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MONTICELLO – NYS Attorney General Letitia James joined Sullivan County officials last Thursday to inaugurate Bridge Back to Life Center’s new mobile health unit, which will be used to bring sorely needed medical and substance use services to communities across the County.
“The opening of the Bridge Back to Life Center’s mobile treatment unit starts a new chapter of healing for Sullivan County,” said James. “After years of devastation by the opioid crisis, we are finally holding pharmaceutical companies accountable for the destruction they caused, so far bringing up to $1.5 billion that will go directly into communities for treatment, prevention, and education services just like this one. Our work to uplift communities weighed down by this crisis is far from done, but today we begin the healing process for so many families.”
“We were thrilled to welcome Attorney General James to today’s ribboncutting ceremony and deeply appreciate her support of this initiative,” said Gary Butchen, executive director of Bridge Back to Life Center, Inc., the private healthcare provider with whom Sullivan County’s Department of Community Services has contracted. “We intend to partner with as many of the local area providers and physician groups as we can to improve access to care.”
“We are targeting the most rural areas of the County, bringing Medication-Assisted Treatment (MAT) to combat the opioid epidemic in communities that haven’t had adequate access to services,” added Lowell Feldman, a Bethel resident and longtime healthcare professional who is partnering with Bridge Back to Life Center in this venture.
“This is really a dream come true,” noted Deputy Sullivan County Health & Family Services Commissioner Wendy Brown, who co-chairs the Drug Task Force with District Attorney Meagan Galligan. “We could not be successful without the phenomenal job that law enforcement, healthcare, service providers, County legislators and people on higher levels do. We WILL get better in Sullivan County – we’re getting better already!”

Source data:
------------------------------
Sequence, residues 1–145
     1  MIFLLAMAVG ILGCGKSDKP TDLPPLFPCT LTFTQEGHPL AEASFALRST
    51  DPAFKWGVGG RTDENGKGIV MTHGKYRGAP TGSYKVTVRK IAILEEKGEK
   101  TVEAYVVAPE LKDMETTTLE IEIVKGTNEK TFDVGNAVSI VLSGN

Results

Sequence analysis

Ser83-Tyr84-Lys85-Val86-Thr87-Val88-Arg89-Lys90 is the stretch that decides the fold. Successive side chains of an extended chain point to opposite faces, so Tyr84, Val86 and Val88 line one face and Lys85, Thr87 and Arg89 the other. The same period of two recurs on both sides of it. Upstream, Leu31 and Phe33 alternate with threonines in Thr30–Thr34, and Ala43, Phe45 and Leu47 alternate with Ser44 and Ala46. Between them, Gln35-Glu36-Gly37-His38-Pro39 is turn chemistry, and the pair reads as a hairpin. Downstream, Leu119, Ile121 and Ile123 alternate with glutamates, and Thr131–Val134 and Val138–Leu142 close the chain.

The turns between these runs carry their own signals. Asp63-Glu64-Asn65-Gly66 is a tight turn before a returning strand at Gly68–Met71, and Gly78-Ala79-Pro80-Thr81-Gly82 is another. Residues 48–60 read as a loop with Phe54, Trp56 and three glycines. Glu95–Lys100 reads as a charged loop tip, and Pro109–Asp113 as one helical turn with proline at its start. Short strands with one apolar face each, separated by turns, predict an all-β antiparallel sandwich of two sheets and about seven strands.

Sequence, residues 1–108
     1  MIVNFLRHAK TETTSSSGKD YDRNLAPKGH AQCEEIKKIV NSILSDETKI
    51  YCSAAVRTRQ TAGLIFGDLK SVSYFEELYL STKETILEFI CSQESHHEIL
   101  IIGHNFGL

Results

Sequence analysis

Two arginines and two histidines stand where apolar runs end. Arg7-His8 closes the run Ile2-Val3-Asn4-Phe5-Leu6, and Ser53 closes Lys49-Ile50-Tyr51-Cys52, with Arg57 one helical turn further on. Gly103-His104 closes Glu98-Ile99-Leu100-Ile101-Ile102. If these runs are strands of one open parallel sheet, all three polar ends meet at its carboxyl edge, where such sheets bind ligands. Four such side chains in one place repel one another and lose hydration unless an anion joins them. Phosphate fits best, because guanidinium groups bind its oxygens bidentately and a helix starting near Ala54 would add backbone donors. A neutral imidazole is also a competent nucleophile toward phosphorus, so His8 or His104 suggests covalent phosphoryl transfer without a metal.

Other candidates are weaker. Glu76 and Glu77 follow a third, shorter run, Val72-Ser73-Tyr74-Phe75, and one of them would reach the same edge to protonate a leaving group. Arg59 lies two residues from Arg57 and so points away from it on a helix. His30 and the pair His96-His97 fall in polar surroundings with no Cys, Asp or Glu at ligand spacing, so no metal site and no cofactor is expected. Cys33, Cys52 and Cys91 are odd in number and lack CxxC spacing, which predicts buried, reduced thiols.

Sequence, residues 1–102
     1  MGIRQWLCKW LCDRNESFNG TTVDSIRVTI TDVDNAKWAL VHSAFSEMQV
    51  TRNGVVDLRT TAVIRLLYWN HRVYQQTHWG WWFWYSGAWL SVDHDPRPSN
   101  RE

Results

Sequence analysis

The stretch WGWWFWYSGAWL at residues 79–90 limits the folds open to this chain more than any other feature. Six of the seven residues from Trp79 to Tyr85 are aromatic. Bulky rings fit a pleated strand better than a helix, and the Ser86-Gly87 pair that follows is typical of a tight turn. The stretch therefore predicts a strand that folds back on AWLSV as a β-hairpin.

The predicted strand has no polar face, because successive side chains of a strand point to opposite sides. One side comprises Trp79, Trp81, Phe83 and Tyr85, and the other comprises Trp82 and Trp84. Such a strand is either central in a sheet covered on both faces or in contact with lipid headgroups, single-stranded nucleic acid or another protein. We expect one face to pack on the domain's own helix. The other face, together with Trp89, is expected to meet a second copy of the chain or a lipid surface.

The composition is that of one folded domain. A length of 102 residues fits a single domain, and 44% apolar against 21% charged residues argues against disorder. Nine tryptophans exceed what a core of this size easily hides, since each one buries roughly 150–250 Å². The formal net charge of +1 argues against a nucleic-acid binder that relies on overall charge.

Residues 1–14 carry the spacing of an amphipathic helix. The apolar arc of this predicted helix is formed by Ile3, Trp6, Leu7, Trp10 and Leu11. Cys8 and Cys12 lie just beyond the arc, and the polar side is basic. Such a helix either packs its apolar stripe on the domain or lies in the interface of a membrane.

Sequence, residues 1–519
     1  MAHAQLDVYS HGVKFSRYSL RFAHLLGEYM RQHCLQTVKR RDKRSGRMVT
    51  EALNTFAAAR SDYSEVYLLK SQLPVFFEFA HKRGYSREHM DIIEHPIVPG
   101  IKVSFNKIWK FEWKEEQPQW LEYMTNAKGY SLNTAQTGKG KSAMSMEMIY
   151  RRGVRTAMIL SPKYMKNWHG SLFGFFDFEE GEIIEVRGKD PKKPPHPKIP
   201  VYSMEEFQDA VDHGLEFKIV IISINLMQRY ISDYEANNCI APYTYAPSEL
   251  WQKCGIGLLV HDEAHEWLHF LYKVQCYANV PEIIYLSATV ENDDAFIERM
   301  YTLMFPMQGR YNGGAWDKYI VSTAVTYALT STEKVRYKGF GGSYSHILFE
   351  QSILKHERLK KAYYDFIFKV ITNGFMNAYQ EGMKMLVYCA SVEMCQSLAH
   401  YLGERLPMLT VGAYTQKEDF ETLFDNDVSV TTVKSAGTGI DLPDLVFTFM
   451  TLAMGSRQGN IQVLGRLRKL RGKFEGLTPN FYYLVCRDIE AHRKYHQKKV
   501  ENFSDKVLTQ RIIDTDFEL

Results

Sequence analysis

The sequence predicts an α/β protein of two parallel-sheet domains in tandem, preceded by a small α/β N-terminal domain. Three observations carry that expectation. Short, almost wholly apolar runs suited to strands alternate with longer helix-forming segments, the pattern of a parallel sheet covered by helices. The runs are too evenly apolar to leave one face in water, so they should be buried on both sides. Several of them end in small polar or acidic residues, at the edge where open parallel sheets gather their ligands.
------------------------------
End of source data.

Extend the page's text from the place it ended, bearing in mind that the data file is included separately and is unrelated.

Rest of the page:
“This is a welcomed and needed addition to the services in Sullivan County,” agreed Melissa Stickle, Sullivan County’s Director of Community Services. “This mobile unit will provide much-needed access to services. As a new provider and a member of United Sullivan, all services will be provided in a welcoming and respectful manner. We are really excited to welcome Bridge Back to Life to our community.”
Wrapped in bright signage by a team of Sullivan County BOCES students, the 32-foot-long, fully heated and air-conditioned mobile health unit will be staffed by a nurse practitioner licensed to prescribe MAT and render a variety of general healthcare services, along with a Certified Peer Recovery Advocate who will assist patients in securing needed social services. A Clinical Social Worker is anticipated to be added to the team in the future.
“One of the reasons I wanted to be a DARE officer was because there was no hope for our kids,” District 6 Legislator Luis Alvarez, a retired Sheriff’s Deputy, related. “So when they said we’re getting a trailer, I said, ‘Finally, we’re getting hope!’”
Sullivan County will have priority use of the unit as part of its comprehensive package of services currently offered to those dealing with substance use and other health issues.
“Our Division of Health & Family Services, which reports to my committee on the Sullivan County Legislature, doesn’t ever rest in responding to this crisis,” affirmed District 2 Legislator Nadia Rajsz. “In addition to the incredible work of our Drug Task Force, we offer on our website a complete list of substance use service providers, from healthcare groups to support groups, including an interactive map. We have a ‘Hope Line’ (866-832-5575) where anyone can call, 24/7, to get the help they need at the time they need it. We have personnel trained to provide Individual Psychotherapy, Marital & Family Counseling, Group Therapy, Medication Therapy, Crisis Intervention/Outreach, and Medication Assisted Therapy.
“We will not leave anyone out in the cold.”